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Author Topic: Infection?  (Read 2982 times)

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Offline ConfusedAndDistraught

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Infection?
« on: July 29, 2012, 02:22:49 PM »
I understand from reading on here and many other sites that 12 weeks can provide an accurate and conclusive test result. However, I am wondering if it is possible for someone to take up over 4 months to develop ars and if they got tested during that time and it was negative, would that still be conclusive?
 I know it is extremely rare to take 6 or more months, and that these situations (if they happen) have to do with extremely immune-suppressed individuals or some other severe situation must be occurring. How likely is it that someone would test negative via bloodtest at 4.5 months but positive at 6 months? What factors could contribute to this?

Offline RapidRod

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Re: Infection?
« Reply #1 on: July 29, 2012, 02:27:54 PM »
If you tested negative at 3 months it is conclusive and don't need any further testing. If one has ARS the symptoms come at 2-4 weeks post exposure and last 1-2 weeks. It isn't rare to take 6 months or longer, it doesn't happen.

Offline ConfusedAndDistraught

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Re: Infection?
« Reply #2 on: July 29, 2012, 02:36:43 PM »
Is this regardless of the level of risk? In the case of an extremely high risk how can someone be sure that their result was conclusive between the 3-6 month period with only one test?

Offline RapidRod

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Re: Infection?
« Reply #3 on: July 29, 2012, 02:48:38 PM »
Is this regardless of the level of risk? In the case of an extremely high risk how can someone be sure that their result was conclusive between the 3-6 month period with only one test?
http://www.cdc.gov/globalaids/Resources/pmtct-care/docs/TM/Module_6TM.pdf
Page 11
#4
  In an adult, a positive HIV antibody test result means that the person is infected, a person with a negative or inconclusive result may be in the “window for 4 to 6 weeks but occasionally up to 3 months after HIV exposure. Persons at high risk who initially test negative should be retested 3 months after exposure to confirm results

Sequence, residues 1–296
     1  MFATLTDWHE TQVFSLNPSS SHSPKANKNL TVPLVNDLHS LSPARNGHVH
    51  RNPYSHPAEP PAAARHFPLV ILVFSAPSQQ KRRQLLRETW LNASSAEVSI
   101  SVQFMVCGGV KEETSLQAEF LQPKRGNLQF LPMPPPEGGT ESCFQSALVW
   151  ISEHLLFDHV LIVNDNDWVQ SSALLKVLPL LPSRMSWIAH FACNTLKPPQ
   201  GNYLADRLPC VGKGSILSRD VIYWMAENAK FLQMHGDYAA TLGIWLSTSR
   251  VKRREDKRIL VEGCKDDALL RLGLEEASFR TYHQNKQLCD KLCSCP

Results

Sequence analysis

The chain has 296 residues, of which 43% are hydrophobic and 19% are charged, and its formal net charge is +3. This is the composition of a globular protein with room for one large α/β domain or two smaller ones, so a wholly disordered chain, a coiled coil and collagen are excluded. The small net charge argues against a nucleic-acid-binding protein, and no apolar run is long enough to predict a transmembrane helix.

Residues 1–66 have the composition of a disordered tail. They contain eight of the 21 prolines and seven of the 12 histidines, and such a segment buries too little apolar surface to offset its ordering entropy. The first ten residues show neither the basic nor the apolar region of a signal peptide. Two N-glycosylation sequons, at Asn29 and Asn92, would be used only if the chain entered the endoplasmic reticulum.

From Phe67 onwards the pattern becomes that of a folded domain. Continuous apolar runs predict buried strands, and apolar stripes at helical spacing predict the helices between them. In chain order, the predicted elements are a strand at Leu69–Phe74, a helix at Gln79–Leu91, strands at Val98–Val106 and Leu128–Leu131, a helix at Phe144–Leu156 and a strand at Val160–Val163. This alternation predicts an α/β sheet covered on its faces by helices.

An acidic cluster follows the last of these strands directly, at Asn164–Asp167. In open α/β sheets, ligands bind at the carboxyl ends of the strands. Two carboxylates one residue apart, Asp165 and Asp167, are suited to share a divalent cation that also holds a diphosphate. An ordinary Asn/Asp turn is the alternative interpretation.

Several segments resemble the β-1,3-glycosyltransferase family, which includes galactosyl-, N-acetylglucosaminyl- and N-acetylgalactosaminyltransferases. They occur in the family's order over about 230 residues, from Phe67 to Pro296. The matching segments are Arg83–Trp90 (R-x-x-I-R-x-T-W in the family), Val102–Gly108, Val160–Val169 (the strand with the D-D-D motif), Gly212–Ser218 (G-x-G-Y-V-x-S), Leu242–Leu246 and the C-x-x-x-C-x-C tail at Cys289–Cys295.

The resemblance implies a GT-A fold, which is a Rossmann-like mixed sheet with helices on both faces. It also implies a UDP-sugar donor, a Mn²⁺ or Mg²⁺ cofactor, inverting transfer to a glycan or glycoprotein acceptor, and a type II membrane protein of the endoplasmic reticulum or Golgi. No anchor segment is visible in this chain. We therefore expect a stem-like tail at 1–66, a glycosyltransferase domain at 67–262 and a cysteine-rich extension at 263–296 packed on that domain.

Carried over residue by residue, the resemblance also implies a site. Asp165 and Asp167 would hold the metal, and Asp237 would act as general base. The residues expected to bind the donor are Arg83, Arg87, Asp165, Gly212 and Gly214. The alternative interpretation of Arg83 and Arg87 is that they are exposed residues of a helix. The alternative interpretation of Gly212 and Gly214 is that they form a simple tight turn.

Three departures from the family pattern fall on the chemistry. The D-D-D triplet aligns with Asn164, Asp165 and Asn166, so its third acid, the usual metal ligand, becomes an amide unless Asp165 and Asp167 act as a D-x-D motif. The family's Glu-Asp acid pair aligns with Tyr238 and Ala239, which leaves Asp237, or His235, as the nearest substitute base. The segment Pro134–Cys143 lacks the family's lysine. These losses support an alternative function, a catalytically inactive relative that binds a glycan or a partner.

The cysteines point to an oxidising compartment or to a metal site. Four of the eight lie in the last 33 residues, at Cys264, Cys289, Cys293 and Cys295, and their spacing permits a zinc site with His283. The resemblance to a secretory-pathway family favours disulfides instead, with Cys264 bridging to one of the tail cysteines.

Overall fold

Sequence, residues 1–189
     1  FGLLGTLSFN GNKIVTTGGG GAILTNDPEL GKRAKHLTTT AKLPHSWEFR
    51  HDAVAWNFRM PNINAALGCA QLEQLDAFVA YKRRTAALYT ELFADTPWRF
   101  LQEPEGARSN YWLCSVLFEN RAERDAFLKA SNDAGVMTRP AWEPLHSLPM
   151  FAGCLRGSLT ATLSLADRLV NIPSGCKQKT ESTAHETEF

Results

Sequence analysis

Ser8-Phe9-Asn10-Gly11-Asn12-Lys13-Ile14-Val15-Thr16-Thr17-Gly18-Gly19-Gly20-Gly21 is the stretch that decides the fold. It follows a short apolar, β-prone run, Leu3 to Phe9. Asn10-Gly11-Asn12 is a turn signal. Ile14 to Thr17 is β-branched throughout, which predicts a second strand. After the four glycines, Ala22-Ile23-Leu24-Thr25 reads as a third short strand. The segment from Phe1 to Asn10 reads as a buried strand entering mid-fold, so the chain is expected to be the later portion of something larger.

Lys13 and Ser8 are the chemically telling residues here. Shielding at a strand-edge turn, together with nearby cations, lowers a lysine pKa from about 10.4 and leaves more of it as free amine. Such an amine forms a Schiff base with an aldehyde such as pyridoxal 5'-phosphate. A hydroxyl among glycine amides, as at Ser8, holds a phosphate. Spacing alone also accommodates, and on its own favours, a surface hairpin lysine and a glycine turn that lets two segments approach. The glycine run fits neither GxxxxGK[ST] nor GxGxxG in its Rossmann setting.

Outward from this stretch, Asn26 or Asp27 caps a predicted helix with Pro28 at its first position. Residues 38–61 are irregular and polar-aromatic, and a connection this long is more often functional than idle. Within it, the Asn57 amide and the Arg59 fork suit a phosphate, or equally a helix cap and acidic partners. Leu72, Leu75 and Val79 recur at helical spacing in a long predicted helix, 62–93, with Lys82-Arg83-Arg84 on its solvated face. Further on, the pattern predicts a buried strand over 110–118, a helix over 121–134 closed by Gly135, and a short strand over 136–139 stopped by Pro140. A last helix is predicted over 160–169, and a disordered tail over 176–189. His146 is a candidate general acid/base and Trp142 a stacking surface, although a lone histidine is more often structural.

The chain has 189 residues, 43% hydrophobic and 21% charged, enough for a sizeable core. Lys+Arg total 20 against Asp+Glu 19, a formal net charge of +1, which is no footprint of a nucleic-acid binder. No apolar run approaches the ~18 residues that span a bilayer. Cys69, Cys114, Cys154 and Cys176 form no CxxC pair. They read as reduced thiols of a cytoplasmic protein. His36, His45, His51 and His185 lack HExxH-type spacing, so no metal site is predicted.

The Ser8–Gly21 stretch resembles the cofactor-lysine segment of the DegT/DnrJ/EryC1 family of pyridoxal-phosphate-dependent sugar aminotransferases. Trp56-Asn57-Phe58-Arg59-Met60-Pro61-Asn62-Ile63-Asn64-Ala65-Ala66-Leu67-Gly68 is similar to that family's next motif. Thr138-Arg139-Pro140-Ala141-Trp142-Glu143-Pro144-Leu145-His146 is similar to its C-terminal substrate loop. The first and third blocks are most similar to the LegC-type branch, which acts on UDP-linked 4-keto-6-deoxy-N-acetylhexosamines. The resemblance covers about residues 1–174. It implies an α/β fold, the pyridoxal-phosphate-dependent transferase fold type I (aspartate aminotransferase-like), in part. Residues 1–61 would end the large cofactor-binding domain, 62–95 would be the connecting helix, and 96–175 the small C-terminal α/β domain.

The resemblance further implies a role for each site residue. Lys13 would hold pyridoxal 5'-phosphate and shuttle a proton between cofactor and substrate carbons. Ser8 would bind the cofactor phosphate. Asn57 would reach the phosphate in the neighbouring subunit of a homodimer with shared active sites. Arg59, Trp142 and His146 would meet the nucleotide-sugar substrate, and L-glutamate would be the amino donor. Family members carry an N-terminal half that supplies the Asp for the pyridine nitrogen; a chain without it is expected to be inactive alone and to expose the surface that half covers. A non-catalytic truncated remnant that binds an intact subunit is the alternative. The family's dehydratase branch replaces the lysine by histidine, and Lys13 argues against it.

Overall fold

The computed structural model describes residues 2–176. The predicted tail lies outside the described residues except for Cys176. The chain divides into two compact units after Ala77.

Online Andy Velez

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Re: Infection?
« Reply #4 on: July 29, 2012, 05:21:25 PM »
The exceptions for testing up to 6 months are when longterm intravenous drug use is involved or organ transplant or treatment for a serious illness such as cancer.

Otherwise a negative result at 3 months is conclusive.

Don't make this more complicated than it really is. 
Andy Velez

Offline ConfusedAndDistraught

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Re: Infection?
« Reply #5 on: July 29, 2012, 09:57:46 PM »
How can you be so sure that The result will not change? I understand that most people test positive very quickly, but how can it be proved that only those under the circumstances you have mentioned could take longer to seroconvert? Especcially given that most people are not sure of their exact exposure date?

Offline jkinatl2

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Re: Infection?
« Reply #6 on: July 29, 2012, 10:24:05 PM »
How can you be so sure that The result will not change?

I am confused. Are you not sure of the date of your supposed risk?

"Many people, especially in the gay community, turn to oral sex as a safer alternative in the age of AIDS. And with HIV rates rising, people need to remember that oral sex is safer sex. It's a reasonable alternative."

-Kimberly Page-Shafer, PhD, MPH

Welcome Thread

Offline ConfusedAndDistraught

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Re: Infection?
« Reply #7 on: July 29, 2012, 10:34:04 PM »